BENGALURU, March 8 (Reuters) – Oil prices surged on Tuesday as the United States and Britain moved to ban Russian oil imports, a decision that is expected to worsen disruptions in the global energy market as Russia is the second-largest exporter of crude.
“How high can oil prices go? Pick a number, this is a market in disarray,” said Mike Tran, analyst at RBC Capital Markets, in a note early on Tuesday.
Benchmark Brent crude LCOc1 for May shot up $7.55, or 6.1%, to $130.76 a barrel by 10:56 a.m. EST (1556 GMT). U.S. crude CLc1 for April delivery was up $7.38, or 6.2%, at $126.78 a barrel.
Britain said it will phase out the import of Russian oil and oil products by 2022.
The import ban by Europe and the United States on Russian oil could send global oil prices spiralling up to $200 a barrel, analysts at Oslo-based consultancy Rystad Energy said.
Many buyers are already avoiding Russian oil so as not to become entangled in existing sanctions.
Shell SHEL.L said it would stop all spot purchases of Russian crude after drawing criticism for a purchase on March 4.
Goldman Sachs raised its Brent forecast for 2022 to $135 from $98 and its 2023 outlook to $115 a barrel from $105, saying that the world economy could face the “largest energy supply shocks ever” because of Russia’s key role.
Dimming expectations for an imminent return of Iranian crude to global markets have added to upward pressure on prices amid a slowdown in talks between Tehran and world powers over its nuclear activity.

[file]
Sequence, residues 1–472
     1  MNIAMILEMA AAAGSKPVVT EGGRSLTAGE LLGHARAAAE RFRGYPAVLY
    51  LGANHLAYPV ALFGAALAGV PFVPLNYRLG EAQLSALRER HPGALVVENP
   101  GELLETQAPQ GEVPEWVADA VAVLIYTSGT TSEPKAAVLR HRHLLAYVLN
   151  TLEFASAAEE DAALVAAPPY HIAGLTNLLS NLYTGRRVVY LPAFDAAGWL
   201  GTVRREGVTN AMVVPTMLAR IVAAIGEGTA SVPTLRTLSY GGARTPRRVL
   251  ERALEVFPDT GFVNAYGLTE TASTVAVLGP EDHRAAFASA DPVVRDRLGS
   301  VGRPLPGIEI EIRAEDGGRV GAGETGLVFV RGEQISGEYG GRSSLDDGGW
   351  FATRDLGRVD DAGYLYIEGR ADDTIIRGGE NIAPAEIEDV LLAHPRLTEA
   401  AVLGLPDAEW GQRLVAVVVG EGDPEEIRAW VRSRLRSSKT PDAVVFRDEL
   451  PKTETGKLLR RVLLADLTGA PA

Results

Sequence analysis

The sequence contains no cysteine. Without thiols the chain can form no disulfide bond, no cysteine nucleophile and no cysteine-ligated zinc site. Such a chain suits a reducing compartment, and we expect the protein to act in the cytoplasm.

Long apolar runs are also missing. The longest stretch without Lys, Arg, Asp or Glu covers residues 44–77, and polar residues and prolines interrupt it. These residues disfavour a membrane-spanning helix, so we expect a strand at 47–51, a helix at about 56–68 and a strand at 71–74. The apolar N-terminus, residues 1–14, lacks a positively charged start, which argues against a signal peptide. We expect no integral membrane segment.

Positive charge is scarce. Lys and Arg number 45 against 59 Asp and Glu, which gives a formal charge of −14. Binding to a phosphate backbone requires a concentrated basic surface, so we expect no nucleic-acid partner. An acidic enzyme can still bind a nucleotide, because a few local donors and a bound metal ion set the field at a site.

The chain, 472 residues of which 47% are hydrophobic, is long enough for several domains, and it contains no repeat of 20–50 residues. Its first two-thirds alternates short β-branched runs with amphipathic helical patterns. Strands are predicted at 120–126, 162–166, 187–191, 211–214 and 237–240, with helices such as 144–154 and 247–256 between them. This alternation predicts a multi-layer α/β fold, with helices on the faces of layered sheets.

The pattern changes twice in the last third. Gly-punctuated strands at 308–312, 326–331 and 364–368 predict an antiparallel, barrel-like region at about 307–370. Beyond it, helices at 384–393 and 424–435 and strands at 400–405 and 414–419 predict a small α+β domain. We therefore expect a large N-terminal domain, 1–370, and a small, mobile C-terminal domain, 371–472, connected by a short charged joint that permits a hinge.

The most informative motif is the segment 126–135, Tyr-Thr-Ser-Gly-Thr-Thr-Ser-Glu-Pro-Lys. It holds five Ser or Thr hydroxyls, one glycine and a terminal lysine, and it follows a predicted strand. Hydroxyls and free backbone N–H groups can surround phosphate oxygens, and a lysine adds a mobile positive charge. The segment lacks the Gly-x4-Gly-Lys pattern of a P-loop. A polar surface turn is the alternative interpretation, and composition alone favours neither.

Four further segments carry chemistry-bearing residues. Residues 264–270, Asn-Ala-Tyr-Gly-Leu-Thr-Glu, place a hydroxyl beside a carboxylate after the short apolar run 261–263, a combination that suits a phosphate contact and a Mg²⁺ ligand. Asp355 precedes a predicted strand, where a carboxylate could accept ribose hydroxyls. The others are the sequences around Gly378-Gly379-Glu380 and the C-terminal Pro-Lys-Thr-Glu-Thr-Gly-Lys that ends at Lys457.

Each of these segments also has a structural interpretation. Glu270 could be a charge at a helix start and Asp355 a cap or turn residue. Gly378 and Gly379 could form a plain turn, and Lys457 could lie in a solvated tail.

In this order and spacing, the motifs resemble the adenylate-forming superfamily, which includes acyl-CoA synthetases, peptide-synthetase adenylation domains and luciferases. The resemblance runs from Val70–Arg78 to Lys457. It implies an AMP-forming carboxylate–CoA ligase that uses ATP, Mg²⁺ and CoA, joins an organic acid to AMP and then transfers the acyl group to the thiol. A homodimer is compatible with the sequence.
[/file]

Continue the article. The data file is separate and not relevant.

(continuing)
Oil supply disruptions come as inventories continue to fall worldwide. Five analysts polled by Reuters estimated on average that U.S. crude stockpiles decreased by about 800,000 barrels in the week to March 4.
The poll was conducted before weekly inventory reports from the American Petroleum Institute on Tuesday and the U.S. Energy Information Administration on Wednesday.
Media reports about the International Energy Agency’s readiness to release more oil from emergency stockpiles had no impact on the rally.
“Ultimately, the IEA is not announcing significant action,” said Craig Erlam, senior market analyst at OANDA. “In this market, words are not going to have an impact.”
(Reporting by Shariq Khan in Bengaluru, Additional reporting by Sonali Paul and Mohi Narayan in New Delhi; Editing by Edmund Blair, David Goodman and Bernadette Baum)